Deployment means uncertainty. You don’t know squat to begin with. The Army doesn’t tell you much more. What they do tell you changes every 24 hours. Some information will be given “later” but nobody knows when “later” is. Rumors muddy the already murky waters. You scrabble for basic facts and flail through a morass of red tape at every step. The Army deployment handbook for families only offers general advice in large print over a few short pages. You cobble a bit of information together from various websites, but half is outdated or incorrect (and you don’t know which half). Others ask again and again for the same information you don’t have and can’t get, reminding you of the problem and compounding the frustration.
A military spouse somewhere out in internet-land recommended While They’re at War by Kristin Henderson as preparatory reading for spouses of deploying personnel, and also as an informational read for their friends and relatives. Written by a Marine chaplain’s wife, the book follows several military families as they deal with deployments from start to finish. While many books focus on the war zone, this one looks at the home front: routine challenges, worst-case scenarios, typical days, supportive communities, joyful reunions, and the often-overlooked aftermath. This is not a handbook to help your family physically prepare for deployment. It doesn’t deal with the process or logistics and offers no help for the chaotic cycle of notification, gear collection, out-processing, training, and waiting. Instead, it thoroughly examines deployment’s stressful pressure and mental effects on spouses.
I recommend against reading this book if you’re already prone to anxiety or imagining worst-case scenarios. It covers realities from the war zone and the home front: spouses slipping into suicidal depression, the dreaded knock at the door, wounds, post traumatic stress disorder, and relationship problems. However, it’s refreshing (if wrenching) to have the issues already on the back of everyone’s mind placed on the table one by one, examined, and dealt with. The book brushes aside the vague clouds of dread floating around each “what if” and moves straight into the “it happened, so now what?”solutions from actual families. In addition, it gives a good look at the mundane issues that affect almost every spouse left behind – anticipatory grief, finding ways to stay busy, and seeking support.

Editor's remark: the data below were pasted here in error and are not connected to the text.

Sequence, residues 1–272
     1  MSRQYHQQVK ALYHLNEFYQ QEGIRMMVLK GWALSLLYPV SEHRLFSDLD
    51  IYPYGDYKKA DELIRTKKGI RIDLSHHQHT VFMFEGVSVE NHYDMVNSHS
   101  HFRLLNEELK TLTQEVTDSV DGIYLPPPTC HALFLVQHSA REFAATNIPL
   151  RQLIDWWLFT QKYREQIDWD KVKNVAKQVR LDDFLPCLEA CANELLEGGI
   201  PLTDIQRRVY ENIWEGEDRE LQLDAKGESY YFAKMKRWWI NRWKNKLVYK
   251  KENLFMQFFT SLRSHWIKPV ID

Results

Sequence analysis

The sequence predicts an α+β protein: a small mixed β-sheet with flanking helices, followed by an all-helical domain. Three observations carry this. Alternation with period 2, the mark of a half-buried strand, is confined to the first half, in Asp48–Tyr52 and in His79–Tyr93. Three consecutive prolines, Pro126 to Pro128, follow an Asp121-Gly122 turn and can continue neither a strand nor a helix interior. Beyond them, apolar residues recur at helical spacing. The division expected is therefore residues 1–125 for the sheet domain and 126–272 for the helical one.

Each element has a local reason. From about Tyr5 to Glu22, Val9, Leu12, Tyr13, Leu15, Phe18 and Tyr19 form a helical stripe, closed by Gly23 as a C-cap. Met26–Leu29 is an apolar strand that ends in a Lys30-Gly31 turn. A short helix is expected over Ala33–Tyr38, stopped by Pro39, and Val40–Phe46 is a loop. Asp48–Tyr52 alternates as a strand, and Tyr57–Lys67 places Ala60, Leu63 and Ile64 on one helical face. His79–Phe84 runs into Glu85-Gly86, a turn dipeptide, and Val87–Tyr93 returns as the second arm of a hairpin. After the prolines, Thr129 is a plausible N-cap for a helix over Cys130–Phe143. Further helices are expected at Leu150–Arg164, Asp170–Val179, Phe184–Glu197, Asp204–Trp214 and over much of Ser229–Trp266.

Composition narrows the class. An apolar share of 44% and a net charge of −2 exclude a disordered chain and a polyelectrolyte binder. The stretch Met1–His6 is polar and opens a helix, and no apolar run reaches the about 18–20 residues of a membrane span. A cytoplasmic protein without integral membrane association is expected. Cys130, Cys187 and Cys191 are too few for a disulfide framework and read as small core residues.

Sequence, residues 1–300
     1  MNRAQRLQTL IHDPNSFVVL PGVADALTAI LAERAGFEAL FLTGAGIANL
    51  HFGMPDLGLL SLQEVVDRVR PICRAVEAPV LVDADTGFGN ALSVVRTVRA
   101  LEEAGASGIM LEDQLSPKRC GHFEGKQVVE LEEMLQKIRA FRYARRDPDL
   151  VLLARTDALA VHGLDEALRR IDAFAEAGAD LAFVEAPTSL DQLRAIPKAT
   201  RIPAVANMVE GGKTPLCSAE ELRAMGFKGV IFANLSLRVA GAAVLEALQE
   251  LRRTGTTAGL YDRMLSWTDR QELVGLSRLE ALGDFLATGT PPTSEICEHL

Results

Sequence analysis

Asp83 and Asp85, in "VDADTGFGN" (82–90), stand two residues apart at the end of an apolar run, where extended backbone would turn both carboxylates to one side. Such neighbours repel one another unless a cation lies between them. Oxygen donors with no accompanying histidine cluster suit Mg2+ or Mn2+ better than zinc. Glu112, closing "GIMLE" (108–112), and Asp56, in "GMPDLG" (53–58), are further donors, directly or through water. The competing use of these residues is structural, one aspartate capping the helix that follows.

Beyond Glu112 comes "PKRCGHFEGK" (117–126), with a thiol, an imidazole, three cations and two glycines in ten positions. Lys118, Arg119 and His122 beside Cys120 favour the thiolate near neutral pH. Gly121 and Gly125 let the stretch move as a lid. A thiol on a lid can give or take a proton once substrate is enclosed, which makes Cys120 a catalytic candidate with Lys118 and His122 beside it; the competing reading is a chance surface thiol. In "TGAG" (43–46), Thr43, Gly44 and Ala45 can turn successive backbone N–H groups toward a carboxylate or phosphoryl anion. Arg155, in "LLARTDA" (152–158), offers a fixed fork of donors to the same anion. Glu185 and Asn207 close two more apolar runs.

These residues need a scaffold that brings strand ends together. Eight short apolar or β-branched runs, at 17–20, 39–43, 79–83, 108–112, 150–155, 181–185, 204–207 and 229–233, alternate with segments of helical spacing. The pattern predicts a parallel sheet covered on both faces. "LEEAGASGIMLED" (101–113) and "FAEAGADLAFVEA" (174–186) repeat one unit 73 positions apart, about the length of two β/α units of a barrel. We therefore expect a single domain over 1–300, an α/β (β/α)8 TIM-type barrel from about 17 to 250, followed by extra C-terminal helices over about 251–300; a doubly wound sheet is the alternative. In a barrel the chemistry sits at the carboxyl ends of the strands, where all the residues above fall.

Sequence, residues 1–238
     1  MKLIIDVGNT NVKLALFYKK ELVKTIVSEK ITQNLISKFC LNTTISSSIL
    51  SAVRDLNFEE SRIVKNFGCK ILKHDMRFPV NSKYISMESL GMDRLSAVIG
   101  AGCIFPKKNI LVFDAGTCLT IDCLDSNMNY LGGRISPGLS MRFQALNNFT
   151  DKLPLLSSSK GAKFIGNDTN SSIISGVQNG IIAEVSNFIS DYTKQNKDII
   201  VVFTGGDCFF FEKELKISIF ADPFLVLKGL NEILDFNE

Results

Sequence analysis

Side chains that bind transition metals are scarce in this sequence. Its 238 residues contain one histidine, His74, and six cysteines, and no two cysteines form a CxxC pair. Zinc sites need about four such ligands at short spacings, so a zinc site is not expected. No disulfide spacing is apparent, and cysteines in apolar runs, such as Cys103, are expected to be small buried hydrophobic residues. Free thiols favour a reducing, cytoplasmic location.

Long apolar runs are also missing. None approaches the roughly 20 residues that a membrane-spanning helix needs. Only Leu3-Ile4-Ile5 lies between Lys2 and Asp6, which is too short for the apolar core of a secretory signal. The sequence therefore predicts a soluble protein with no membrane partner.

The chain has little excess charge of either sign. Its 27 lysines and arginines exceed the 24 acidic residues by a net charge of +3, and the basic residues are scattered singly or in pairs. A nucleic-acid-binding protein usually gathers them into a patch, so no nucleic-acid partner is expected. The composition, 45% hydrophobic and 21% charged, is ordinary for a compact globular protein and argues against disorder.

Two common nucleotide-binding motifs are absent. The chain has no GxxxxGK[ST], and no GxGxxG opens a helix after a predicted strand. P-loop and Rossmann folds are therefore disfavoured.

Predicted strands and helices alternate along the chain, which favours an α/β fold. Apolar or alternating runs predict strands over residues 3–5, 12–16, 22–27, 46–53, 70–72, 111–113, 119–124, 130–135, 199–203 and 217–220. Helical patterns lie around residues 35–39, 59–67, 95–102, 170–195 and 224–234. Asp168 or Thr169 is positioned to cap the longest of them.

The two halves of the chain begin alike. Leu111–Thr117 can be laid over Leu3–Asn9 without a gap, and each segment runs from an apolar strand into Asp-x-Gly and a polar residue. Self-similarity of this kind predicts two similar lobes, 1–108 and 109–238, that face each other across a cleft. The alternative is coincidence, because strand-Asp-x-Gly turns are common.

While They’re at War can be a very negative read since it focuses primarily on the challenges of deployment. Comparatively few families ever have to deal with the worst case scenarios, and many spouses have more community support than those in the text. In addition, the book dates back to early in the Iraq war so some things have shifted. However, those points aside it’s still very relevant as Ms. Henderson examines common reactions and mental states and helps spouses identify and cope with them rather than slipping into a downward spiral. In the spirit of “forewarned is forearmed” it’s a worthwhile read for spouses, family, and friends.
*Image from amazon.com